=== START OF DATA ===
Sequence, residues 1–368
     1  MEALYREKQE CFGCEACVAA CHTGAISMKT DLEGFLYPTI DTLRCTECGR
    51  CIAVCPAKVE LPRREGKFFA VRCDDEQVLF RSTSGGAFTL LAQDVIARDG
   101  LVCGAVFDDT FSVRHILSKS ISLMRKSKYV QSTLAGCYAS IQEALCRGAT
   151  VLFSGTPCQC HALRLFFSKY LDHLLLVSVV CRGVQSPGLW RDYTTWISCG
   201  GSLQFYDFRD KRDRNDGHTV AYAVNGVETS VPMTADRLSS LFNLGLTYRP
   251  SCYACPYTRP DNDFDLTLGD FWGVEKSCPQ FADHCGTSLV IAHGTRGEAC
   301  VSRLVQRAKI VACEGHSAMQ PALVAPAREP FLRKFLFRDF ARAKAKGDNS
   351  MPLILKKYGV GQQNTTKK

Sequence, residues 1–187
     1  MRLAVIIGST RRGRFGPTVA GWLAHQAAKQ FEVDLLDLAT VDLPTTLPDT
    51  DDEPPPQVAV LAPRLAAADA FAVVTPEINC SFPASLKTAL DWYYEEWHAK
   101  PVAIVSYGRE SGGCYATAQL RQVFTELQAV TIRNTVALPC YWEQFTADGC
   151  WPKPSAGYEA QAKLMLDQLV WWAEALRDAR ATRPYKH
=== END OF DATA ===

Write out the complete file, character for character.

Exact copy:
Sequence, residues 1–368
     1  MEALYREKQE CFGCEACVAA CHTGAISMKT DLEGFLYPTI DTLRCTECGR
    51  CIAVCPAKVE LPRREGKFFA VRCDDEQVLF RSTSGGAFTL LAQDVIARDG
   101  LVCGAVFDDT FSVRHILSKS ISLMRKSKYV QSTLAGCYAS IQEALCRGAT
   151  VLFSGTPCQC HALRLFFSKY LDHLLLVSVV CRGVQSPGLW RDYTTWISCG
   201  GSLQFYDFRD KRDRNDGHTV AYAVNGVETS VPMTADRLSS LFNLGLTYRP
   251  SCYACPYTRP DNDFDLTLGD FWGVEKSCPQ FADHCGTSLV IAHGTRGEAC
   301  VSRLVQRAKI VACEGHSAMQ PALVAPAREP FLRKFLFRDF ARAKAKGDNS
   351  MPLILKKYGV GQQNTTKK

Sequence, residues 1–187
     1  MRLAVIIGST RRGRFGPTVA GWLAHQAAKQ FEVDLLDLAT VDLPTTLPDT
    51  DDEPPPQVAV LAPRLAAADA FAVVTPEINC SFPASLKTAL DWYYEEWHAK
   101  PVAIVSYGRE SGGCYATAQL RQVFTELQAV TIRNTVALPC YWEQFTADGC
   151  WPKPSAGYEA QAKLMLDQLV WWAEALRDAR ATRPYKH